Kitty Ferguson
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Templeton Press (original UK publisher Bantam-Transworld)

Foreign Editions: Germany, Poland, Netherlands


After the publication of Darwin’s Origin of Species in 1859, many people assumed that science and belief in God are irreconcilable. Yet even now, a century and a half later, with stunning advances in physics, biology and the fields of chaos and complexity, scientists themselves are divided as to whether belief in God can sit comfortably alongside scientific knowledge.

This is not a question only for scientists, philosophers, and intellectuals. What can any of us know, and what remains unexplained, perhaps unexplainable? Can we find God . . . or a scientific theory that will erase the notion of God? Can even human reason that goes far beyond present science ever hope to answer the ultimate questions, or must the answers lie partly in imagination, poetry and metaphor, or come from evidence unavailable to science?

I wrote The Fire in the Equations as a journey of exploration, not knowing where the journey would take me or where it would end. My present views on science-religion issues were not in place when I began the book. They were forged in the writing of it. If you are surprised at some of the twists in the line of argument, so was I. This was no attempt to discover or forge reconciliation between science and religion.

My exploration was not even based on the assumption that reconciliation is lacking or needed. I thought the best approach was to go determinedly to those areas where the heart of the conflict was reputed to lie, and find out for myself whether the reputation was correct.

I invite you to join me on this adventure through science, philosophy, theology, and grass-roots belief, and draw your own conclusions from arguments and evidence I have presented as fairly, straight-forwardly, simply and accurately as I know how. I will not tell you what to decide.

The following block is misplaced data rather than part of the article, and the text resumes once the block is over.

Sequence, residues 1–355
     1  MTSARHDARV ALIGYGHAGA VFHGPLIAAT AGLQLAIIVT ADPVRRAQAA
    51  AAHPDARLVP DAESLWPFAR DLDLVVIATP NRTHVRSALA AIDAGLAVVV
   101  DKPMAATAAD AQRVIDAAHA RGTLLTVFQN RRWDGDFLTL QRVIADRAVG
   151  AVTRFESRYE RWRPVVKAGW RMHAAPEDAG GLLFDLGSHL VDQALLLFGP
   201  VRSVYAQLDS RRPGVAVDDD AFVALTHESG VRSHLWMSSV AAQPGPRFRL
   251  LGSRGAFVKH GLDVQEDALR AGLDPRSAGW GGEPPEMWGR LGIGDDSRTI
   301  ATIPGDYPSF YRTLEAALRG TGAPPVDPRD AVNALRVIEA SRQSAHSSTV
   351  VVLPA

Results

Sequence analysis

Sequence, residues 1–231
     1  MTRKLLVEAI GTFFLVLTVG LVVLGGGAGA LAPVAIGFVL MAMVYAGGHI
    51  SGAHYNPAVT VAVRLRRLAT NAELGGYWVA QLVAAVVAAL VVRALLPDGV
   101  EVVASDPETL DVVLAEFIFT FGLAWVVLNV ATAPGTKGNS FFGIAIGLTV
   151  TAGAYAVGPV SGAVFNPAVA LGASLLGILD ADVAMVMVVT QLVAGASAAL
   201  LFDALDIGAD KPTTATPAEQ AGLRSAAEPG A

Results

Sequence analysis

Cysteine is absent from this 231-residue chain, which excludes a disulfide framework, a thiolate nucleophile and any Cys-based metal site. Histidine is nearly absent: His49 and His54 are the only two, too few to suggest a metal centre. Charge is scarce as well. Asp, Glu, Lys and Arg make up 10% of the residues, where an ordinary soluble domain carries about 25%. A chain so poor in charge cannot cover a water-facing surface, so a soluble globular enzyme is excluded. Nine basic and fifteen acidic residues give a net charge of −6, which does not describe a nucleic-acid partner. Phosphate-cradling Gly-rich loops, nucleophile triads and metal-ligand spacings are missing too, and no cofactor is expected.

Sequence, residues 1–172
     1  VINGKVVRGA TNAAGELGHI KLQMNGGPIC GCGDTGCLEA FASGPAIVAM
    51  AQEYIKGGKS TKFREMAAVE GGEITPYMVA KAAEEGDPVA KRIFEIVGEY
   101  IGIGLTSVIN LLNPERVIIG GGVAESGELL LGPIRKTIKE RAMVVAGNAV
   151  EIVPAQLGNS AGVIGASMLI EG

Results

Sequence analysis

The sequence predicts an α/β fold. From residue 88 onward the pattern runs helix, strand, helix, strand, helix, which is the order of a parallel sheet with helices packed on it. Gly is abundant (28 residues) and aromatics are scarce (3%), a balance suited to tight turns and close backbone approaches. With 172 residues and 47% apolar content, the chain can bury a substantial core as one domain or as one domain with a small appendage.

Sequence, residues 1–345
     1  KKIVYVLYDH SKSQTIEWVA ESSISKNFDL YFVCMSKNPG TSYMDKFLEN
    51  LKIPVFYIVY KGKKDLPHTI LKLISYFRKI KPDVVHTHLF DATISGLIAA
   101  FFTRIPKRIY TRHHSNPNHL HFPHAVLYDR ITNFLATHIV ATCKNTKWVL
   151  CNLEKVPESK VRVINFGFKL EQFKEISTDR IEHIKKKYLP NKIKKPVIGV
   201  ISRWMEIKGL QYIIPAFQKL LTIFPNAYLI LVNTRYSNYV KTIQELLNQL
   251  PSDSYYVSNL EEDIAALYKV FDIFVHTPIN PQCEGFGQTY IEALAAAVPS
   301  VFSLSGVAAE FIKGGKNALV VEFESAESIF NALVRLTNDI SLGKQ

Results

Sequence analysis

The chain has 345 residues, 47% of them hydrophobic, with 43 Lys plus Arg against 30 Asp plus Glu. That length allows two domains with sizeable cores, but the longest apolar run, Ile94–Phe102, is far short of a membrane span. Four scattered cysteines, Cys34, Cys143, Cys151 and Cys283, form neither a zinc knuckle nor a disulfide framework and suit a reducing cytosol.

"A clear account of the ultimate question."
Stephen Hawking

"Beautifully and intelligently written, reporting on some of the intellectual tremors jolting the world of thinking women and men, but also considering the basic questions with penetrating analysis, yet at a very readable level . . . An excellent book."

"A definitive work encapsulating the arguments on science, religion and the search for God . . . The Fire in the Equations is a rare one with no axe to grind."
Cambridge Evening News

"A delightful, up-to-date and accurate account of the most active frontiers of physical science in language equally pleasant to read at age thirteen or eighty-three, laced with puzzles, poems, people and science and much of the delicious accompaniment that goes on in the search."
John Archibald Wheeler, Joseph Henry Professor of Physics. Princeton University

"A very easy read. Astonishingly . . . absolutely astonishingly so. Kitty Ferguson has a real knack . . . somewhat more than Stephen Hawking, I must say . . . for putting over very complicated things very simply."
Chris South, BBC-Radio Cambridge

Interview: "In Her Own Words," Ami Albernaz, interviewer, in Science and Spirit, Jan., Feb. 2005.

Article: "The Longing of Johannes Kepler" in Charles L. Harper Jr., ed., Spiritual Information: 100 Perspectives on Science and Religion, Philadelphia: Templeton Foundation Press, 2005; and reprinted in The Anglican, Vol 32, #3, July A.D. 2003.

Article: "Letter to Caitlin," published as "What I Want My Teenager to Know about the God/Science Debate" in Russell Stannard, ed., God for the 21st Century, Philadelphia: Templeton Foundation Press, 2000

Article: "An Interview with John Polkinghorne: Finding a Balance Between Christianity and Science," The Living Church, August 1997.

Article: "The God Squad," May, 1995. Unpublished.